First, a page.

Not long after reaching the track junction to Wharfedale hut we were out in the open. Finally, we could make out our relative location and see our progress. It was a relief, after spending so much time in the bush climbing without much reward. Although there was a lot of low clouds there were a few times in which the cloud did clear and we were able to see out over the Canterbury Plains towards the sea.

Top: The boys heading past the junction to Wharfedale Hut and straight on through to the summit of Mount Oxford
Bottom: Ed followed by Alvin on the final part of the climb towards the first clearing towards the summit of Mount Oxford

Along the tops

The orange triangles gave way to orange pole markers and the shelter of the trees gave away to a cooler breeze. Clouds would float low in the sky, often limiting our visibility which at times still did not give us an appreciation for how far we had travelled from. When the cloud did give away to patches of blue skies they would soon fade into a never-ending monotone. The scenes were mysterious in a way with nothing surrounding you but the tussock and rolling clouds. Snow coated the ground in places and had us filling our drink bottles and eating plain flavoured snow cones until our mouths froze numb.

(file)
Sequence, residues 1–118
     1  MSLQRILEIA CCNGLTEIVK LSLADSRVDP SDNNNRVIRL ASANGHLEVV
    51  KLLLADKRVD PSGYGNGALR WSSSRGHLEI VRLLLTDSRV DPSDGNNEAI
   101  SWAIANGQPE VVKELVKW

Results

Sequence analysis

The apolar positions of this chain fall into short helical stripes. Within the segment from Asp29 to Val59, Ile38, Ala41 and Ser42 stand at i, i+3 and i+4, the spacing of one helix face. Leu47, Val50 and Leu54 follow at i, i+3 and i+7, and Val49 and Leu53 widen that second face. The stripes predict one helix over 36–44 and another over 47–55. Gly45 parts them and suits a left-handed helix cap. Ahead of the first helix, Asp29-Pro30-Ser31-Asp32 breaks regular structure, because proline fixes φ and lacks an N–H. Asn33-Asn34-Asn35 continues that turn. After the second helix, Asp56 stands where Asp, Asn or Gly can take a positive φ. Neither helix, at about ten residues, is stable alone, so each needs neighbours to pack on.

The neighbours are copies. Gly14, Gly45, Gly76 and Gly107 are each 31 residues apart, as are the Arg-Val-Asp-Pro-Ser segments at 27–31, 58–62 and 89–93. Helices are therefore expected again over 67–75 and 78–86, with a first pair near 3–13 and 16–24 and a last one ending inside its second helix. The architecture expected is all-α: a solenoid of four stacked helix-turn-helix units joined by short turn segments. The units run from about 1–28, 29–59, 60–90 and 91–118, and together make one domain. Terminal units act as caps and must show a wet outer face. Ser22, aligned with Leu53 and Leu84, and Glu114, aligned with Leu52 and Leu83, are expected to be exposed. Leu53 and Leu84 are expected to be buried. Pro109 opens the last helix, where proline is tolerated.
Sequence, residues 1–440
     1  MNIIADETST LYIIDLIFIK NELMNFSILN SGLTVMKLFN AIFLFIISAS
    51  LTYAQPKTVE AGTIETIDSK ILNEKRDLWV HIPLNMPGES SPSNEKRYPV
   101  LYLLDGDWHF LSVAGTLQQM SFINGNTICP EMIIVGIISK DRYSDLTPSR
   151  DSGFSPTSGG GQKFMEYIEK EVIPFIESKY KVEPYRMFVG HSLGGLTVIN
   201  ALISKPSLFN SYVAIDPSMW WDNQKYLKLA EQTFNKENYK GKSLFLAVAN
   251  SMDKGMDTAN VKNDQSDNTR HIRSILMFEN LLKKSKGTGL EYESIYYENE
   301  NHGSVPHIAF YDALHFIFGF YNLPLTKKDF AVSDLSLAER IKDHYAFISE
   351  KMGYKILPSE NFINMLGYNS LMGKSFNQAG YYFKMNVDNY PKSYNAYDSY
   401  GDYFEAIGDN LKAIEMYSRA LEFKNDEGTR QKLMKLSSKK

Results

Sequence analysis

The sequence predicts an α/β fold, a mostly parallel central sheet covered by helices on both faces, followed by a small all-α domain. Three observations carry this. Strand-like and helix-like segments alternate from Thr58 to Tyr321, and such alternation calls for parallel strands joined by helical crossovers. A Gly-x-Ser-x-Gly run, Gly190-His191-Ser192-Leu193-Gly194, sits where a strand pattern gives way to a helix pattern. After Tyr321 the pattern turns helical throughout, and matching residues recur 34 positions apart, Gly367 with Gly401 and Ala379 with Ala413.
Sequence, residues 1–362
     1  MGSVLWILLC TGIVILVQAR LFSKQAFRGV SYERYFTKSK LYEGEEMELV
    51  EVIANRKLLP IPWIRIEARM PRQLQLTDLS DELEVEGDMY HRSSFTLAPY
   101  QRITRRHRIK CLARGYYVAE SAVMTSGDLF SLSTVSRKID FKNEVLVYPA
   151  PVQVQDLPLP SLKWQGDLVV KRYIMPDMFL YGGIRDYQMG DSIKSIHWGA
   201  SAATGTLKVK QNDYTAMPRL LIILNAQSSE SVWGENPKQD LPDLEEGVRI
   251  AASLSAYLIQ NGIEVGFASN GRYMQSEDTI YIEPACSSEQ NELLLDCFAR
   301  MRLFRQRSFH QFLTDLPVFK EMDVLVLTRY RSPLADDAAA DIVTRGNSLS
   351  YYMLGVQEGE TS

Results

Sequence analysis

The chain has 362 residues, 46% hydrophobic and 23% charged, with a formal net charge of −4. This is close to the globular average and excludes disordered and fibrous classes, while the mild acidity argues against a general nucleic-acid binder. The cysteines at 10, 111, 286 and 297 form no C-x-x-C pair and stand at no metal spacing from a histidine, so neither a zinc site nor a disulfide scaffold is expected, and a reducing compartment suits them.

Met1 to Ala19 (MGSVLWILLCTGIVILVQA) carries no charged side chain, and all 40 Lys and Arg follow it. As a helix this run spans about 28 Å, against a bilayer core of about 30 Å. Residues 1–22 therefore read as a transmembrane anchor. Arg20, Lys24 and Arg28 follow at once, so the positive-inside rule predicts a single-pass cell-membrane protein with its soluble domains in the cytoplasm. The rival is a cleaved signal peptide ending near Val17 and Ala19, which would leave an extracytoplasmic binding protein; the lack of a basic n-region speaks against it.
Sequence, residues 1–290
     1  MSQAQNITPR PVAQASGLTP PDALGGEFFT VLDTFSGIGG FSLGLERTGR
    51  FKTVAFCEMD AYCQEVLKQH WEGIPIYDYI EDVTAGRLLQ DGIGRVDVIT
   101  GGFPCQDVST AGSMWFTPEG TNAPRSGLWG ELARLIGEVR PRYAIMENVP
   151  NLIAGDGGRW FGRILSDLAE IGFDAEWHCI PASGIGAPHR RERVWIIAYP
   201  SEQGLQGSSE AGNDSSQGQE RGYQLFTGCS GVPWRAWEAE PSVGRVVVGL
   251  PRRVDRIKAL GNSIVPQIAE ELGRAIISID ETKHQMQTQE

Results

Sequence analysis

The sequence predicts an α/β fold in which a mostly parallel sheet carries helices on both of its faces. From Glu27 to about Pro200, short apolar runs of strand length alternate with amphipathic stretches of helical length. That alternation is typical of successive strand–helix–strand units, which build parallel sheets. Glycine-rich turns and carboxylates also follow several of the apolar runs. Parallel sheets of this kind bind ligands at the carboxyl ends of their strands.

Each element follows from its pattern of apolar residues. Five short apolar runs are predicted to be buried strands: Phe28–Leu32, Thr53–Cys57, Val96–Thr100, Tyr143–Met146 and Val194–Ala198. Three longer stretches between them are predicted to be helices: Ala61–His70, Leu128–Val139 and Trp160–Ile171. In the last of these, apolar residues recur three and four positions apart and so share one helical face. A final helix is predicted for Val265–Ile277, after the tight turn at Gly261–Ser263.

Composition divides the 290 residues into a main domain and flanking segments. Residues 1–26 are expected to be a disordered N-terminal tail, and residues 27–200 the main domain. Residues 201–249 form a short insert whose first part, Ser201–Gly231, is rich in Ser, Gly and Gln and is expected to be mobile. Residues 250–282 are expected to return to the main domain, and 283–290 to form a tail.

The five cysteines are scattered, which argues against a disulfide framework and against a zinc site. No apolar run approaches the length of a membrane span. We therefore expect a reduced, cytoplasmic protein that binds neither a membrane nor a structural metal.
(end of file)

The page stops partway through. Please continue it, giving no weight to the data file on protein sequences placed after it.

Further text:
Top: Matt walks on thirstily looking for somewhere that he could possibly fill up his drink bottle
Bottom: The boys enjoying their natural flavoured snow cones

Back to the Carpark

The descent from the summit was relatively straightforward once the cloud had passed. It was easy to see the route down towards Mountain Road carpark. The views of the Canterbury Plains were incredible. As we made our way down from the summit of Mount Oxford you could see Castle Hill Peak, across the Canterbury Foothills and out over the Canterbury Plains. The setting sun made the first part of the descent a little chilly, however, it wasn’t long before we were able to get back into the sun and warm up a little more.

Top: Matt scouting out the trail back down to Mountain Road car park
Bottom: Descending in the golden hour down Mount Oxford

On the Mount Oxford Track, trees emerged a lot later, around 660m elevation. We were fortunate enough to have scenic views almost all the way back down to the carpark. It was pleasant being out in the open as we travelled down and back to the carpark. There wasn’t nearly a lot of light left in the sky being so soon after the winter solstice. The descent didn’t feel nearly as steep to the ascent that we took on. By the end of the hike, we had come to the conclusion that it may have been easier to do the final leg of the hike rather than turning it into a loop.

Top: Golden hour flooding the light around Mount Oxford as we descend to Mountain Road car park
Bottom: Ed descending the Mount Oxford track as the sun gets closer to dipping behind the Torlesse Range